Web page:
The Beauty of Right Now

by Elizabeth Thatcher

I grew up in a town decorated with honeysuckle and sunflowers.
I was not born there, nor did I move there –
I woke up one morning and the town came to me.
The ground was paved with cobblestones, and
majestic oak trees lined the main road
(the road the travellers would walk
with their dogs and checkered hats).
The streets boasted an array of pastel houses –
name a colour and you would find it there.
Houses sporting vibrant gardens and shiny white picket fences,
bursting with families of five who hadn’t a trouble in the world.
If you looked up, you would see birds dancing in the sky with
smiles on their faces and clouds that told you to have a nice day,
and to treat people with kindness.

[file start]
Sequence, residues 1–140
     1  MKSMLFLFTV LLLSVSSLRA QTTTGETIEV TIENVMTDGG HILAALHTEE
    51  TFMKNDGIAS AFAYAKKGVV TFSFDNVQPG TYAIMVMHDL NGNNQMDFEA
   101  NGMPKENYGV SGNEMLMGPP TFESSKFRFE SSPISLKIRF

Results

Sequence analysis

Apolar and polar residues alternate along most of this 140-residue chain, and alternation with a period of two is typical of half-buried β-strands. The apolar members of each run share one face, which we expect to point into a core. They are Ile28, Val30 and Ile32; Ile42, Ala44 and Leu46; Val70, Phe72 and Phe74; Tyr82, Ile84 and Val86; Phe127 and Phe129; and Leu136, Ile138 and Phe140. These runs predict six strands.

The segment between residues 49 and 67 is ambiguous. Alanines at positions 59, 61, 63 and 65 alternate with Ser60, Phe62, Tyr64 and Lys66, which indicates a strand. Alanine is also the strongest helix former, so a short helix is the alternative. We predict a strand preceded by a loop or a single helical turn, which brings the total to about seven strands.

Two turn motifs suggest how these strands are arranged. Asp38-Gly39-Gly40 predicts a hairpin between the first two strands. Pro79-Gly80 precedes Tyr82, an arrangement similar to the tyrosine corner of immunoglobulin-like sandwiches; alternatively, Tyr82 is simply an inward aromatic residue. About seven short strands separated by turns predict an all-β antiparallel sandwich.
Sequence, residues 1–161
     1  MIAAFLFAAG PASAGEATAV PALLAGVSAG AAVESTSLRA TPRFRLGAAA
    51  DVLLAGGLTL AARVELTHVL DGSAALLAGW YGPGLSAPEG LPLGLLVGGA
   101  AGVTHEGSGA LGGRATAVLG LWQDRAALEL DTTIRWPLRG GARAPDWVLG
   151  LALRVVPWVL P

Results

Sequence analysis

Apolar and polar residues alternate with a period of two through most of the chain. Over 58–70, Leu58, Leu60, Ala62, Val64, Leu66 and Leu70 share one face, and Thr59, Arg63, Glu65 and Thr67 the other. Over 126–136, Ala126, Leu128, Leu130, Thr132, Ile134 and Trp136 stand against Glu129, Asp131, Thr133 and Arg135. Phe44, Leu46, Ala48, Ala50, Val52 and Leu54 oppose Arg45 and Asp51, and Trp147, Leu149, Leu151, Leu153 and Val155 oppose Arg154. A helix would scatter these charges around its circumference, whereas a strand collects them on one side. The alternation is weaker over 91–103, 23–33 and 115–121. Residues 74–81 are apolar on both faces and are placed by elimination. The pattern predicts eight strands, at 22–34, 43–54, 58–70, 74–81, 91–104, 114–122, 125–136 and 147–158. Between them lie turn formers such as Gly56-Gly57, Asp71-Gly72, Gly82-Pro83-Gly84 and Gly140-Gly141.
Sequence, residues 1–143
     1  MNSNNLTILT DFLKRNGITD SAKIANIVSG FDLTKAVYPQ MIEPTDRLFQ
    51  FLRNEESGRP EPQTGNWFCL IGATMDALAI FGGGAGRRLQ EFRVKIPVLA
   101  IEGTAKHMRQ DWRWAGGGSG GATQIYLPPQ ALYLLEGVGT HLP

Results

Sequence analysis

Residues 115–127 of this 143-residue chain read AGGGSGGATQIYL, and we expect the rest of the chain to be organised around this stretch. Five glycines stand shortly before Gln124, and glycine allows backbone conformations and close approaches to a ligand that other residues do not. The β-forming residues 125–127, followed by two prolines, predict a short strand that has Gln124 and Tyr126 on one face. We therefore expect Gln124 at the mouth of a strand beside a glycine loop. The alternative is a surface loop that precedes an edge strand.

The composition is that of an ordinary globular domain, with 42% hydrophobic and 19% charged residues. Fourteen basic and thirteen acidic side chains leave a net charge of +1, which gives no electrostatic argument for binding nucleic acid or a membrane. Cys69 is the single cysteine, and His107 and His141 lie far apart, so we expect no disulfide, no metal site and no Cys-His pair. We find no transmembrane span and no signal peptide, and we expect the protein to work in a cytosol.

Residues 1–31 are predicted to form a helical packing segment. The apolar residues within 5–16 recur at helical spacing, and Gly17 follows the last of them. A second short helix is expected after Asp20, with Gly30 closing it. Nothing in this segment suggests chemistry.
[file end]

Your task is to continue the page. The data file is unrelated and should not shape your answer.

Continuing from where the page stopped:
When the sun rested, the sky was dotted with fireflies,
the town populated by families huddled round campfires singing about
living forever and the beauty of right now.
I wondered when they slept, and I wondered
if they ever needed to.
I visited my hometown recently and the birds that smiled
have since died, replaced by successors who just look worried.
The crippling drought last summer reduced the oak trees to sickness;
the honeysuckle and sunflowers are now wilted and shrivelled.
The white picket fences are no longer white, but frayed and
abused by the children from the houses who grew up too fast.
Campfires are a thing of the past, ever since that
night a couple of Julys ago where half the town
burned to a crisp.
Instead, everyone sleeps. They
live in their dream-worlds now, and
I like to imagine they’re dreaming of
cobblestones and sunflowers.
I gaze up to the sky in vain hope –
the clouds are grey and it begins to rain.
I cannot tell if my eyes are filled with
rainwater or tears.